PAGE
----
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National Law Journal Article about the SLLC

Center Advocates for State and Local Governments discusses the SLLC’s mission, history, current amicus activity

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Recent Court Rulings

Weyerhaeuser Company v. U.S. Fish and Wildlife Service

In a decision difficult to understand without context the Supreme Court held that “critical habitat” under the Endangered Species Act (ESA) must also be habitat. In Weyerhaeuser Co. v. United State Fish and Wildlife Service the Court also held a federal court may review an agency decision not to exclude an area from critical habitat because of the economic impact. The State and Local Legal Center (SLLC) filed an amicus brief on the latter issue arguing in favor of the result the Court reached.

The United State Fish and Wildlife Service (Service) listed the dusky gopher frog as an endangered species. It designated as its “critical habitat” a site called Unit 1 in Louisiana owned or leased by Weyerhaeuser Company, a timber company. The frog hasn’t been seen at this location since 1965. As of today Unit 1 has all of the features the frog needs to survive except “open-canopy forests,” which the Services claims can be restored with “reasonable effort.”

Weyerhaeuser argued Unit 1 could not be a “critical habitat” for the frog because it could not survive without an open-canopy forests. The Fifth Circuit disagreed holding that the definition of critical habitat contains no “habitability requirement.”

The Supreme Court held unanimously that “critical habitat” must be habitat. The ESA states that when the Secretary lists a species as endangered he or she must also “designate any habitat of such species which is then considered to be critical habitat.”

According to the Court: “[o]nly the ‘habitat’ of the endangered species is eligible for designation as critical habitat. Even if an area otherwise meets the statutory definition of unoccupied critical habitat because the Secretary finds the area essential for the conservation of the species [the statute] does not authorize the Secretary to designate the area as critical habitat unless it is also habitat for the species.”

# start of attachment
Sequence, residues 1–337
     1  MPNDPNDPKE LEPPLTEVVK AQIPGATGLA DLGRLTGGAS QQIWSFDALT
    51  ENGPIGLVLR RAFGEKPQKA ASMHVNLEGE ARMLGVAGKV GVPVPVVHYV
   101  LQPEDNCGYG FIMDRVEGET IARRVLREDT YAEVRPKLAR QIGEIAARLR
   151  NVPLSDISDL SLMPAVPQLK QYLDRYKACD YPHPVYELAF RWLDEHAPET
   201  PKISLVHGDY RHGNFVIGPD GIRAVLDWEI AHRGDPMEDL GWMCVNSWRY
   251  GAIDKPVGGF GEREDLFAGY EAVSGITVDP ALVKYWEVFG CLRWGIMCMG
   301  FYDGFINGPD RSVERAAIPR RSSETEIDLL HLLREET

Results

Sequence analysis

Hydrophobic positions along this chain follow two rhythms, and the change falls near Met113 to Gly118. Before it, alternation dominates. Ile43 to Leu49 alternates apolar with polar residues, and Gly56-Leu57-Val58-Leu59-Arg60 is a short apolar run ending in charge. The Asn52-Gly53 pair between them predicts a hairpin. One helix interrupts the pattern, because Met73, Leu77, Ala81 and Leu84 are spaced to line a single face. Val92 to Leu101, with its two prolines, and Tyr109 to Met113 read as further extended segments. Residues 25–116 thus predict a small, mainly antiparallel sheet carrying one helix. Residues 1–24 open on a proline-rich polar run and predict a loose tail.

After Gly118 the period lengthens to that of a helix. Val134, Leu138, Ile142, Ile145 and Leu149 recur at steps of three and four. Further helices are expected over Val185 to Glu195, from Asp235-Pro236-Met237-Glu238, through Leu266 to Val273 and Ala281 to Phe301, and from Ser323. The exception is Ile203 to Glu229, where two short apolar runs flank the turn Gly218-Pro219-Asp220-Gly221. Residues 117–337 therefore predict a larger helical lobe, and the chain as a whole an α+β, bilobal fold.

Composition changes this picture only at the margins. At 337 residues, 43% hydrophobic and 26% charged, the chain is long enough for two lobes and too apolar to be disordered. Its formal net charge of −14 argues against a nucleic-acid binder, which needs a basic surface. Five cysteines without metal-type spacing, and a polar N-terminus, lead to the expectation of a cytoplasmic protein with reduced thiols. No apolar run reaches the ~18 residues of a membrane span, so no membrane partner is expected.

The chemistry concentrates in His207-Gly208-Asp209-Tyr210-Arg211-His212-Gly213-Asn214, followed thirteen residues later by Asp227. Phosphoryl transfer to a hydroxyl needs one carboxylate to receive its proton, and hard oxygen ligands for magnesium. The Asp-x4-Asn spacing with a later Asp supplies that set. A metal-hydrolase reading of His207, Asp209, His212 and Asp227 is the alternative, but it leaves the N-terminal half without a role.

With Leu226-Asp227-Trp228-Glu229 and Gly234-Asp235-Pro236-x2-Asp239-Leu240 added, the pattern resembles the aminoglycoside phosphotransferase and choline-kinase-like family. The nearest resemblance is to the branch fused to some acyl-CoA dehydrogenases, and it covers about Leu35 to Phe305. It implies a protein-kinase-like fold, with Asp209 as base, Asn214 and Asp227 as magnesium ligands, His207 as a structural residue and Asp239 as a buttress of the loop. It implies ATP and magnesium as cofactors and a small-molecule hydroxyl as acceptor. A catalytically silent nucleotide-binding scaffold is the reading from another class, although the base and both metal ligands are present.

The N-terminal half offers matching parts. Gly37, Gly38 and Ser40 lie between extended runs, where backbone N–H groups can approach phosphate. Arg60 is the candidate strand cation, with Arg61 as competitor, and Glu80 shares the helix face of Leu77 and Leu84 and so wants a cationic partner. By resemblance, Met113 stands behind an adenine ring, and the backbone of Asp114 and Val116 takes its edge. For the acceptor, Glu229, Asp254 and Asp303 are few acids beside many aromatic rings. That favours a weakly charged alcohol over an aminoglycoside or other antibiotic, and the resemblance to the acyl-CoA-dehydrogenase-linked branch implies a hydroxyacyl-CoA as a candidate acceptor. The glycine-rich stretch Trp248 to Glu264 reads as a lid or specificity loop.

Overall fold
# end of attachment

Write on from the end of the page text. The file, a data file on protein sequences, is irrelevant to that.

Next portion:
The Service argued that habitat includes areas like Unit 1 one which “require some degree of modification to support a sustainable population of a given species.” The Supreme Court sent this case back to the lower court to “interpret the term ‘habitat.’”

The ESA requires the Secretary to consider the economic impact of specifying an area as a critical habitat and authorizes the Secretary to “exclude any area from critical habitat if he determines that the benefits of such exclusion outweigh the benefits of specifying such area as part of the critical habitat.” Weyerhaeuser Company claims the Service failed to fully account for the economic impact of designating Unit 1. The lower court refused to review the Service’s decision-making process.

The Supreme Court concluded it is reviewable. It “involves the sort of routine dispute that federal courts regularly review: An agency issues an order affecting the rights of a private party, and the private party objects that the agency did not properly justify its determination under a standard set forth in the statute.”

The SLLC amicus brief argued the Court should hold that judicial review is possible in this case. Without it the Service has no incentive to listen to the expertise of state and local government officials “who are experts in the land-use issues that exclusion decisions most affect.”

Bryan K. Weir, Thomas R. McCarthy, and J. Michael Connolly of Consovoy McCarthy Park, and the Antonin Scalia Law School Supreme Court Clinic, wrote the SLLC amicus brief which was joined by the National Conference of State Legislatures, the Council of State Governments, the National Association of Counties, the National League of Cities, the United States Conference of Mayors, the International City/County Management Association, and the International Municipal Lawyers Association.